Some detainees will almost certainly be released. Others will reveal evidence of mistreatment. The Bush administration will have to defend its practices in open court. The military will have to adjust its treatment of prisoners and figure out the future of Guantanamo Bay.

"It is far less likely that anybody new will brought to Guantanamo," said Brad Berenson, former associate counsel to President Bush and a former Supreme Court clerk to Kennedy. "There will probably be changes in how interrogations and captures are conducted and where they're conducted."

The ruling comes as the Bush administration is under fire for its legal justifications of harsh interrogation practices, which critics say equated to an endorsement of torture prohibited by U.S. and international laws.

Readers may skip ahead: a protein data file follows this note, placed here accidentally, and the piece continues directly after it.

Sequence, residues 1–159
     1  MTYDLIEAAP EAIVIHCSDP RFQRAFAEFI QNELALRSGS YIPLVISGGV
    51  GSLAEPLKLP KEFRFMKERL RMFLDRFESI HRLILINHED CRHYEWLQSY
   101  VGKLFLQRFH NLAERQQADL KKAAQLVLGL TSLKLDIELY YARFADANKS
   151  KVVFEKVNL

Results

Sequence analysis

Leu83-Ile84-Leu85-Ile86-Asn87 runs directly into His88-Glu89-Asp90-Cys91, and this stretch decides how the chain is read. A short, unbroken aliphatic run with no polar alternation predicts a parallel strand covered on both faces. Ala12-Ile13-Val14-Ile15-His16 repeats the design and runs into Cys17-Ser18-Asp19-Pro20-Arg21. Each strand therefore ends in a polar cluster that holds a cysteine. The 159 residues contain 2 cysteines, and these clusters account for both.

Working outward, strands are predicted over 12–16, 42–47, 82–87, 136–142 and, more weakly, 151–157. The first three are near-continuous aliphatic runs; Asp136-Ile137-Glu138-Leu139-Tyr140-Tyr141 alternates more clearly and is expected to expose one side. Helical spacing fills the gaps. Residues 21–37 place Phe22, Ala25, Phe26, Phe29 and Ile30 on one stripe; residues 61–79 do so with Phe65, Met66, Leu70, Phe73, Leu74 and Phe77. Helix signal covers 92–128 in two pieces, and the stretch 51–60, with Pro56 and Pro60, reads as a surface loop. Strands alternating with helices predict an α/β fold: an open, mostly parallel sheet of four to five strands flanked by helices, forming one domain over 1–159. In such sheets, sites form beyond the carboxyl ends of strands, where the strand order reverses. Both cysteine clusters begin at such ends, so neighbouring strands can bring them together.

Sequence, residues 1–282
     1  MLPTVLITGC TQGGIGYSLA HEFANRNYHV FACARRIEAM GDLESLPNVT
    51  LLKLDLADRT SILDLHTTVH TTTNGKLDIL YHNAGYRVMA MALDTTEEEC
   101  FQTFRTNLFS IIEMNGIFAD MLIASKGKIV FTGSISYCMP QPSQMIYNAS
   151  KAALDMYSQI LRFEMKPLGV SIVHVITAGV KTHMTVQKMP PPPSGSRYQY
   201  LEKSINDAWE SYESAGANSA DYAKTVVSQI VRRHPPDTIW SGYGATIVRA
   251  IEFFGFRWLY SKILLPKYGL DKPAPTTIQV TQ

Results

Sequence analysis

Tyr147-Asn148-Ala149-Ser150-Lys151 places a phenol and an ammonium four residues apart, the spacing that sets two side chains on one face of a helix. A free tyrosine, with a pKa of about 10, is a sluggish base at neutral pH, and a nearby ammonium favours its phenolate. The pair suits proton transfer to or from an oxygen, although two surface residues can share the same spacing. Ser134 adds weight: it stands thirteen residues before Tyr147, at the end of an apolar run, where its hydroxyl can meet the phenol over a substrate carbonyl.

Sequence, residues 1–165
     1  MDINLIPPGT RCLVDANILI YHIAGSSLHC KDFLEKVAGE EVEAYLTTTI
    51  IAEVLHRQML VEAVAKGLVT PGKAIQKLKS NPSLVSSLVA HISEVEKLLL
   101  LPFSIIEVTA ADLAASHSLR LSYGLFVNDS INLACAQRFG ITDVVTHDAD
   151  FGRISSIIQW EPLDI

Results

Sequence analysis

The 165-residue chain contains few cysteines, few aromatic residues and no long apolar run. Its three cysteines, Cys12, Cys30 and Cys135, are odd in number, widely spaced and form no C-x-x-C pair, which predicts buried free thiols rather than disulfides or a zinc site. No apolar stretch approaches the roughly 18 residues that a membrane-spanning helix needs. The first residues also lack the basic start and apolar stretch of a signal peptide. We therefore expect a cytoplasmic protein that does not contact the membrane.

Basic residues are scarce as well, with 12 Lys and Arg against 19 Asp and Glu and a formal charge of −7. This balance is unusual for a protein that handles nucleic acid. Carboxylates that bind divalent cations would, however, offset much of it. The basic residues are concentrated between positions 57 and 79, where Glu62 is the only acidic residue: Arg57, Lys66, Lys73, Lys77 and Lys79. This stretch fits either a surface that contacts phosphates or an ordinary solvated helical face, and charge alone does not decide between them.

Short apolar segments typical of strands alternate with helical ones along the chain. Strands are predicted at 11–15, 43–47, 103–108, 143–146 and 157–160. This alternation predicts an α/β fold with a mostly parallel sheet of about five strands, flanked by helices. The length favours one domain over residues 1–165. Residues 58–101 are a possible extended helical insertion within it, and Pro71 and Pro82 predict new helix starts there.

This week, Physicians for Human Rights released a report that found that U.S. personnel abused detainees in Iraq, Afghanistan and Guantanamo, using beatings, electrical shocks, sexual humiliation and other practices.

The report, "Broken Laws, Broken Lives," had echoes of a five-part McClatchy investigation of Guantanamo published this week.

And Retired Army Maj. Gen. Antonio Taguba, who investigated the abuse at the Abu Ghraib prison in Iraq, accused top officials in the Bush administration of war crimes.

Administration officials have vowed to close Guantanamo some day, but say they're "stuck" with the 190 or so detainees who have been identified for release because their countries have refused to accept them back. So far, the Pentagon has identified 20 people who are to be charged with war crimes and an additional 60 others are slated to go before military tribunals.